So many people think that learning Spanish is next to impossible, but we don’t agree. We have found some tools that have made a world of difference for us while living in Spain. No, we aren’t perfect and please don’t give me a written spelling test! Our goal was two-pronged: 1. To immerse the kids, so they can become fluent. 2. Parents will do our best to improve our Spanish and communicate our needs. ( I will confess I had high hopes of becoming fluent) The goal for us parents, isn’t a cop-out and not that we don’t want to be fluent. We are also working on several projects, continuing our education, writing eBooks, keeping up the blog, and trying to get a location independent business off the ground and flying. So I guess you could say we are juggling quite a bit and Spanish was the main focus for the kids.
Laying the groundwork for Learning Spanish, before moving to Spain
- We set up a few of the kids favorite TV shows to play in Spanish. This is usually possible with a few changes to your program settings. These are shows they are very familiar with and thus listening to them in Spanish was helpful. They could predict the show and hear the words. Sometimes we would turn on the subtitles as well, so they could see what the English translation was. (TV Shows: Dora the Explorer, Sponge Bob, Phineas and Ferb etc). Many of these are also available on-line.
- The kids had Spanish in school twice a week from preschool through elementary. This was very basic and at least gave them exposure. They could easily cover their colors, numbers and a few other basics. By no means would they be fluent in Spanish with this exposure, but every bit helps with building confidence.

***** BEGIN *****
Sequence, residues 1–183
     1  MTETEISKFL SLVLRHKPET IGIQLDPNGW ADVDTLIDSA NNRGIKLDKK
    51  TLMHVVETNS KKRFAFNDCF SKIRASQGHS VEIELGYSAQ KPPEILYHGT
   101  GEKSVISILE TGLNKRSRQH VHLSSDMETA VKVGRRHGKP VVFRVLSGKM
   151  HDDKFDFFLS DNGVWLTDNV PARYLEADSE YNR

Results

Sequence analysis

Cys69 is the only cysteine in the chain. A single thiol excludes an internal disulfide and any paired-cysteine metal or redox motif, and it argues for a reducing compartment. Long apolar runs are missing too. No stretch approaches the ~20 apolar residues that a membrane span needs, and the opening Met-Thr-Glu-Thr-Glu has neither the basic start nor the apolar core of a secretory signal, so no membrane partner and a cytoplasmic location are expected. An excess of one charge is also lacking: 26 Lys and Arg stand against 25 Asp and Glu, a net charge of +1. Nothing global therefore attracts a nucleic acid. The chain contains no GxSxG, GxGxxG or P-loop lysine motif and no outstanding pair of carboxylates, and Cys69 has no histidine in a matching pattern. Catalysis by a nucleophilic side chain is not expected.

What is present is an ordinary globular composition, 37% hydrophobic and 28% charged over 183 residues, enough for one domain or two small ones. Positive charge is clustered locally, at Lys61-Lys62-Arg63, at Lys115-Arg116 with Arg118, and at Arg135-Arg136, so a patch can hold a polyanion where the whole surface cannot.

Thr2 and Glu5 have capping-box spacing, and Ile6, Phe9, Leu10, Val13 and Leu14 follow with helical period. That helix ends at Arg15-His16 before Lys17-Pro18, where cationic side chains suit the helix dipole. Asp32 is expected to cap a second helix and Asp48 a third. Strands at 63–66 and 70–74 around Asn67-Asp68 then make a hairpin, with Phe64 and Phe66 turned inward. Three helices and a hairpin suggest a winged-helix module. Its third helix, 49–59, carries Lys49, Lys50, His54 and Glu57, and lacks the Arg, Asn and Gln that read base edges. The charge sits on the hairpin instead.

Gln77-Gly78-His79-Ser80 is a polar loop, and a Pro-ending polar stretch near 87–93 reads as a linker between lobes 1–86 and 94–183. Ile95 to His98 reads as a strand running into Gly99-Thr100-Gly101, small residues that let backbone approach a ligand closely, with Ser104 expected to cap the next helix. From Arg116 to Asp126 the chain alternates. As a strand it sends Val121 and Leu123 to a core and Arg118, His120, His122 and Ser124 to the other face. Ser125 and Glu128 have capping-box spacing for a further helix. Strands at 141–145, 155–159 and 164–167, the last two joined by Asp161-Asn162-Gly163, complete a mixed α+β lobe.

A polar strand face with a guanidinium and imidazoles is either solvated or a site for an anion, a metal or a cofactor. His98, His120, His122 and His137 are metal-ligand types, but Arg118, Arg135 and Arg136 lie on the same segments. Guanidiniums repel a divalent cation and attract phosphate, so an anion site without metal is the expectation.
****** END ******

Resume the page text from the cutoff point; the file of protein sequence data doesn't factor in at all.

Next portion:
- For 3 months prior to our departure, we had the kids in private Spanish lessons. It was more of a play, sing, and learn Spanish in a private home. There were 4 students and they met twice a week for 1 hour. This really boosted their confidence and built up their vocabulary in a fun setting. They learned songs and we had fun singing them, just the other day. Songs are a great way to learn, I mean come on and admit how many of you still sing their ABC’s song? Their favorite song was “Sun, Sun, Mister Golden Sun, Please shine down on me”.
- We also did Pimsleur Spanish. For me personally, this was the best, prior to us moving! I loved the learning style and found that I really remembered what I learned. You are to do only One thirty minute lesson per day. You can repeat that lesson as many times as you like, but just that one lesson. I completed 24 of the 90 days, prior to us moving to Spain. I especially liked how each lesson builds on the previous and then the reading material helped as well. I felt very confident for most of the standard situations I would find myself in. The plan was for me to complete the course once we were in Spain, that has still not happened. The trick to Pimsleur or any other program is You Have To Do It!
How have we been Learning Spanish, while Living in Spain?
- Alan and I attended a 90 min Spanish Class 2 times a week for the first 4 months. This was great for socialization, grammar, and new vocabulary. Our teacher had us bring in a news article and we had to read and discuss it as a group, in Spanish. This was great, but it was expensive at €50 each a month, we felt our money would be better spent on other things. We also learned of a course offered via the community center for €20 per month each. We decided that we would wait to join that course, as we had a couple of months of visitors scheduled. Well, the visitors came and went and we found out the course was going to stop for the summer. That was okay with us, as we had summer travel plans. We were going to pick it up on the Fall and well that just didn’t happen. We have been spending our time trying to earn a little money instead. We communicate well in stores, shops, the market, restaurants and most public situations. We can get by just fine and we are understood, though I am sure we aren’t conjugating our verbs properly. Everyone is so nice and they seem to understand what we are say, so it works.
- Full immersion in school for the kids. It took about 4 months to be confident and now after 16 months, they don’t miss a beat. They are fluent Spanish readers and are right on par with the rest of the kids in their class.